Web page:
I had just finished running a race and had performed rather well, out-sprinting Tony McCoy on the rise to the line. My dogs were terribly pleased; they wagged their tails, jumped up at my chest and woofed approvingly.
We turned a corner and all of a sudden I was surrounded by dogs - 63,000 of them! There were terriers up on balconies, collies on a huge tiered viewing terrace and retrievers on the lawned paddock around me.
They were all wagging their tails and yapping with delight - with the exception of a handful of bull-mastiffs at the back, who were paying out packets of pigs ears to happy looking whippets with winning tickets in their paws.
This, I imagine, is a rough approximation of what Faugheen must have experienced at Cheltenham last week. While the enthusiastic greeting of another species must have been totally incomprehensible, the aftermath of Faugheen's Champion Hurdle victory must also have been bizarrely uplifting for the horse.
His closest human companions crowded around him in the Winner's Enclosure; cameras clicked and the crowd cheered. All eyes were on Faugheen and, tellingly, he was the only one of the four horses present that initially took a few steps backward in alarm. The placed horses, including two more from the Mullins' yard were quite aware that they, the vanquished, were not the ones in the spotlight.
Faugheen now knows that he is special. It may have no bearing on his future performance, but I bet he is a completely different horse around the stable. He will have gained confidence and assurance from the experience.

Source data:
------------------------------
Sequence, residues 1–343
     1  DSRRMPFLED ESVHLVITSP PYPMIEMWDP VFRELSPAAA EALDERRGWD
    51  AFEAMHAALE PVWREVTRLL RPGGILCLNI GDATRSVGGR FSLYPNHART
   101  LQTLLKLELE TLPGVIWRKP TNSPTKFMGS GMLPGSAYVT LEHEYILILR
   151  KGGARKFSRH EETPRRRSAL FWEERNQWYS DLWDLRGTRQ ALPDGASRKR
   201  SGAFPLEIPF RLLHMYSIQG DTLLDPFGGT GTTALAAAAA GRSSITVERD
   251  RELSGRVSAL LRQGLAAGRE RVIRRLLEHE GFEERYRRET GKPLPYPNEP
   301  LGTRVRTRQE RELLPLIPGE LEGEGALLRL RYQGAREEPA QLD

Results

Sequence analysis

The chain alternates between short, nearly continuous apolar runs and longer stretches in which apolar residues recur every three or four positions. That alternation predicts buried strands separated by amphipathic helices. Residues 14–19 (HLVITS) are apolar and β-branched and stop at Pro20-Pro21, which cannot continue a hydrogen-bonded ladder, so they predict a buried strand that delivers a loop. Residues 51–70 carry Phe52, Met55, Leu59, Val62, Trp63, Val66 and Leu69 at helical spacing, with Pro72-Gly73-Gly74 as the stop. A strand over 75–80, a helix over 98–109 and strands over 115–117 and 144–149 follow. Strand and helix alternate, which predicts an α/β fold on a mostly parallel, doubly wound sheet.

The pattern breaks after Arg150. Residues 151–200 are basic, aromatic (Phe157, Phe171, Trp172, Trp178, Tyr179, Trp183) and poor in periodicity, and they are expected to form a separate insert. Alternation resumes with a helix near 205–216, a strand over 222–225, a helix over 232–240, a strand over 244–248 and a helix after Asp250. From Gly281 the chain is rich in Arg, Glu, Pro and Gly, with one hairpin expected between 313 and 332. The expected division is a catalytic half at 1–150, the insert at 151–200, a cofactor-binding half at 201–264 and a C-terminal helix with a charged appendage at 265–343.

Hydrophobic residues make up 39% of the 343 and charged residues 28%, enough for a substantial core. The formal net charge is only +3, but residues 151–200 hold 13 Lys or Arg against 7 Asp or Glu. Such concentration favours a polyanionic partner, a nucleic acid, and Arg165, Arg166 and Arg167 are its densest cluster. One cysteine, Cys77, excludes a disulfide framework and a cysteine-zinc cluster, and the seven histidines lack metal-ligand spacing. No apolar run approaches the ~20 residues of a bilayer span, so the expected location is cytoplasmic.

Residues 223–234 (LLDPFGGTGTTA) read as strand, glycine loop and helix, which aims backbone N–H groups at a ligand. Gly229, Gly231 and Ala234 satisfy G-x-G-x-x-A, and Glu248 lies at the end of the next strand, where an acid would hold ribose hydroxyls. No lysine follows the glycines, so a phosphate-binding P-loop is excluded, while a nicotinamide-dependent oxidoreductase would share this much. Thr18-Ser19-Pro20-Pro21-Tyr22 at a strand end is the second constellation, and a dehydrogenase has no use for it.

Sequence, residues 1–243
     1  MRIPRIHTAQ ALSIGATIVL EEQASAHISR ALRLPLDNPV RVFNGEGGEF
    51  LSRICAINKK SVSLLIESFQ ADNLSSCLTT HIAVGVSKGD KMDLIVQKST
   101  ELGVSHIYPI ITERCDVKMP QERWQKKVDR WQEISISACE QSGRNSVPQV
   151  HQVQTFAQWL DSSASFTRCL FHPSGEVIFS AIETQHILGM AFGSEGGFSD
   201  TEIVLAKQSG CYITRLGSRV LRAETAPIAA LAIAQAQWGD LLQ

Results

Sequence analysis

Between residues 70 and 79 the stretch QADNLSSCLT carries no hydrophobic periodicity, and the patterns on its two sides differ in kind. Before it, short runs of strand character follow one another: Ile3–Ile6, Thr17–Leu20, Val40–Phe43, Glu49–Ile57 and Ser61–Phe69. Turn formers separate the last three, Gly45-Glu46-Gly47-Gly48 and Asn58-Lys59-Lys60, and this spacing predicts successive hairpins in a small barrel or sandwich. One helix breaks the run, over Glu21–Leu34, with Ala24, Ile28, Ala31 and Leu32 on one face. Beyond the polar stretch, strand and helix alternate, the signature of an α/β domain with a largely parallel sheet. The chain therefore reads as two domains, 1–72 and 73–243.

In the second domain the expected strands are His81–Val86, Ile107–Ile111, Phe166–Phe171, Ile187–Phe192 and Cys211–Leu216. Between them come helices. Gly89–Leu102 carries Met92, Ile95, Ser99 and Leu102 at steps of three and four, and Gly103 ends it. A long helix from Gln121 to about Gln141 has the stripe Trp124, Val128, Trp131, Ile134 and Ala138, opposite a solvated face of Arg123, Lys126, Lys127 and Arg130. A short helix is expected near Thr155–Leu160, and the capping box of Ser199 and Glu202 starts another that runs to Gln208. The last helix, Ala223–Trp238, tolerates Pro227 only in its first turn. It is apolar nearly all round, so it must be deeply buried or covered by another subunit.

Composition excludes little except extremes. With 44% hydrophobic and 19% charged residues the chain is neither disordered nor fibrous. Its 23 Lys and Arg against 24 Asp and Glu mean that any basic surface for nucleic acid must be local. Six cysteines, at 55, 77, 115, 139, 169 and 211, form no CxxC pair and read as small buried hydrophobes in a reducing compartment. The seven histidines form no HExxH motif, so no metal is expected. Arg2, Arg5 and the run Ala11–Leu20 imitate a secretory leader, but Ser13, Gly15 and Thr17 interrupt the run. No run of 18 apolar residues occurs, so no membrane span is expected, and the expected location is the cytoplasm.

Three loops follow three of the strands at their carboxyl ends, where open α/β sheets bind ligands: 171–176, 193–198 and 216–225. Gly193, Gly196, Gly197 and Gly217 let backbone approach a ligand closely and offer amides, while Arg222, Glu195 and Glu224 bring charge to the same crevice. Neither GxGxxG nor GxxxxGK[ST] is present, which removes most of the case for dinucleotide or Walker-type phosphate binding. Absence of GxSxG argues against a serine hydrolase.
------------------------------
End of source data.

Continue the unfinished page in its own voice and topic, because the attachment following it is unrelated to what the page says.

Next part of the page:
Anthropomorphism can be a dangerous thing; beasts do not share human thoughts (much though I admire Wilbur, the pig, in the book of Charlotte's Web). Faugheen knows nothing of prestigious trophies, antepost bets or official ratings.
However, having observed the hero's welcome accorded to our champions, it strikes me as little wonder that horses such as Best Mate and Big Bucks developed a "swagger" when parading in front of their admiring public. Nor is it a surprise that Arkle, the best steeplechaser of all time, was generally acknowledged to have acquired the "look of eagles".
One of the most admirable horses in training missed the festival last week for the first time in seven years. Please give a cheer for Knockara Beau, now 12 years of age and our selection this weekend, if you see him at Kelso on Saturday.